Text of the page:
Trump Says NBC is Putting Out ‘Fake News’ Over Job Creation… But What’s He Really Upset Over?


On Wednesday morning, President Elect Donald Trump directed his Twitter rage at NBC News while watching “The Today Show.” What drew his ire this time? A “Today’s Fact Check” segment disputed his claims that he was responsible for General Motors and others bringing new jobs to the United States:

The “Today” segment wasn’t particularly rough. The basic thesis was that Trump will use correlation to prove causation even if the link isn’t there. GM, for example, announced 7,000 new American jobs on Tuesday, two days after Trump tweeted that car companies need to manufacture in the United States to sell vehicles here. On “Today,” MSNBC’s Ari Melber explained (transcription h/t to Tommy Christopher at Shareblue) that “The reality […] is that GM has said this is not a response to Donald Trump. It is part of a four-year efficiency plan which included a larger number, $2.9 billion, in investments last year.” He added that “Companies are willing to deal with this as a PR issue” by announcing that “they are accelerating, or reacting, or rolling out announcements in order to try to avoid any bad, basically Twitter attention from Donald Trump.”

If one to guess what set Trump off, though, this exchange between Melber and host Matt Lauer seems like a good bet (emphasis ours)

LAUER: So let’s go back to where we started. If you had to rate the president-elect’s impact on job creation or job preservation over the course of this two-month transition, how would you rate it?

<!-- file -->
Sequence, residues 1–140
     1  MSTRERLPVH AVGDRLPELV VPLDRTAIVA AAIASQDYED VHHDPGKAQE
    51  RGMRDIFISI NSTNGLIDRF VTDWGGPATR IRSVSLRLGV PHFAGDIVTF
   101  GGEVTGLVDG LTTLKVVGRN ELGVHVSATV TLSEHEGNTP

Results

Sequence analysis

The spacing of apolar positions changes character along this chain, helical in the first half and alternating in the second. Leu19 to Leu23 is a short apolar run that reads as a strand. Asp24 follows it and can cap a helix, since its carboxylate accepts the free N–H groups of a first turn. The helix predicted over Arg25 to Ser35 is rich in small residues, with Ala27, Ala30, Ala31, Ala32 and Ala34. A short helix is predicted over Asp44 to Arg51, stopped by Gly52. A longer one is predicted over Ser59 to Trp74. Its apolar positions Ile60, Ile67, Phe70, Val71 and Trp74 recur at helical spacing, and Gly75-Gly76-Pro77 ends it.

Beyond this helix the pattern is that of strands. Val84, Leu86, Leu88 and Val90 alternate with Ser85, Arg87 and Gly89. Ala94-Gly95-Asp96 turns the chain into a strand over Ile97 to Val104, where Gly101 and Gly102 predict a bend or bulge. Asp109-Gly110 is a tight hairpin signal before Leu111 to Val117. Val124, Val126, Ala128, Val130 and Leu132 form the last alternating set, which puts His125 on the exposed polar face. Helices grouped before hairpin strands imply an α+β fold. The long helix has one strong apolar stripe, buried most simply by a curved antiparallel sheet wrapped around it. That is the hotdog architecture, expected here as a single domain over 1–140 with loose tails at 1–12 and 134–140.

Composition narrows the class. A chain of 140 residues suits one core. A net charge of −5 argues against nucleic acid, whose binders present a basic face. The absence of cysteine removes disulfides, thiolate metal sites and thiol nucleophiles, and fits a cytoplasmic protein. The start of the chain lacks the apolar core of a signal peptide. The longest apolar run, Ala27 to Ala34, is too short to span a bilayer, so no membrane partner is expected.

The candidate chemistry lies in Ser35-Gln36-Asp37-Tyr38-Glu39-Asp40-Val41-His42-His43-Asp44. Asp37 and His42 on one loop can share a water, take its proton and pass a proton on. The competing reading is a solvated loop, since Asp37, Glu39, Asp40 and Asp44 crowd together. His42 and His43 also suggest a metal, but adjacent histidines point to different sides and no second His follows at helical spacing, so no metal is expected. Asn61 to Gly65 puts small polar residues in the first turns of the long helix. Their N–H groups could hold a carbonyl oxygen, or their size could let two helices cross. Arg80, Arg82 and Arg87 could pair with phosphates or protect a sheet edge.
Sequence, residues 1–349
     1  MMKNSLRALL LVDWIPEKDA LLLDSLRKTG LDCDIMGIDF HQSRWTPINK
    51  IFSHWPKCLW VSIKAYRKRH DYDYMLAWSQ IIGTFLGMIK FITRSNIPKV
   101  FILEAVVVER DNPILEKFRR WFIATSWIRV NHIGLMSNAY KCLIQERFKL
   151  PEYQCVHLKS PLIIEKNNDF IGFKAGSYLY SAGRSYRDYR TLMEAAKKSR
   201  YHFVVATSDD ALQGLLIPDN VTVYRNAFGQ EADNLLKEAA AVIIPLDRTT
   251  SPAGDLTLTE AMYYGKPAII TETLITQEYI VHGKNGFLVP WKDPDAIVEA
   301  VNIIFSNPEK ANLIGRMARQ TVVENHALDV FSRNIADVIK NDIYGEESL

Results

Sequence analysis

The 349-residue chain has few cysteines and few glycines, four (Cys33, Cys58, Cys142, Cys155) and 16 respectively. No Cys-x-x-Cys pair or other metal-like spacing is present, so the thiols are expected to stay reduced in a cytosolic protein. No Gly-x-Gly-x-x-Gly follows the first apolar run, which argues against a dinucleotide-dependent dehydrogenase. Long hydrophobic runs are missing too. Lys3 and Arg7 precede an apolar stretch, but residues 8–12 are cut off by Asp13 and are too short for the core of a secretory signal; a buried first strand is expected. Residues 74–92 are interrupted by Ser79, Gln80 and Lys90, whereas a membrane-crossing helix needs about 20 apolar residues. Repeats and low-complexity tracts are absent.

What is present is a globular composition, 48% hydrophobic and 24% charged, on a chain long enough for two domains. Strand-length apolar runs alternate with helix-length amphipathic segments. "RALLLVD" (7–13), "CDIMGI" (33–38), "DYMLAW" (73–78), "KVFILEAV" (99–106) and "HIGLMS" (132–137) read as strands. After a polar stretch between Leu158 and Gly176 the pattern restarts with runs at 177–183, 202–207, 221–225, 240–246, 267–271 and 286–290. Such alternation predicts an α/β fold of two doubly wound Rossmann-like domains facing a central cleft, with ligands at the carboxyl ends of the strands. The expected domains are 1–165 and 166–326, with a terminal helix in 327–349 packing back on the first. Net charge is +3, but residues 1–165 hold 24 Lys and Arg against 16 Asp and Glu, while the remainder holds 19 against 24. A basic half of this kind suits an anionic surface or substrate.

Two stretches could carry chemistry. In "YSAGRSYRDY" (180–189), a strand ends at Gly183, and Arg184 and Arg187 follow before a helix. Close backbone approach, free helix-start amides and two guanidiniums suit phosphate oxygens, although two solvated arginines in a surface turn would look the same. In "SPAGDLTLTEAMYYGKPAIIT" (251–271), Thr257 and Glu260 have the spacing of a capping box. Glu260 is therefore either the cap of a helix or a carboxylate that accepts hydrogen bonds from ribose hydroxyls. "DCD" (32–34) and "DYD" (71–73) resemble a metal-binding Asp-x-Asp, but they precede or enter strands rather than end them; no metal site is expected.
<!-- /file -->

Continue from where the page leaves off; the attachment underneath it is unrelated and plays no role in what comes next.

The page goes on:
MELBER: According to the companies we hear from, it is very small or non-existent. There is a fantasy football aura to all this, because Donald Trump is saying things on the Internet, and then when companies do things, he’ll selectively respond to it. Another important point here is these companies have a legal obligation to basically pursue what they call “shareholder value.” They cannot just respond to a politician, even the president, and put some sort of political or PR messaging above the legal obligation they owe to their shareholders to do what they think is best in the long-term interests. Another point, Matt, as you know, many of these companies stress their investment decisions are months, if not years, in the making. They are not responses to a couple of days of internet attention.

[Photo: ABC News screen grab]

Have a tip we should know?

Filed Under: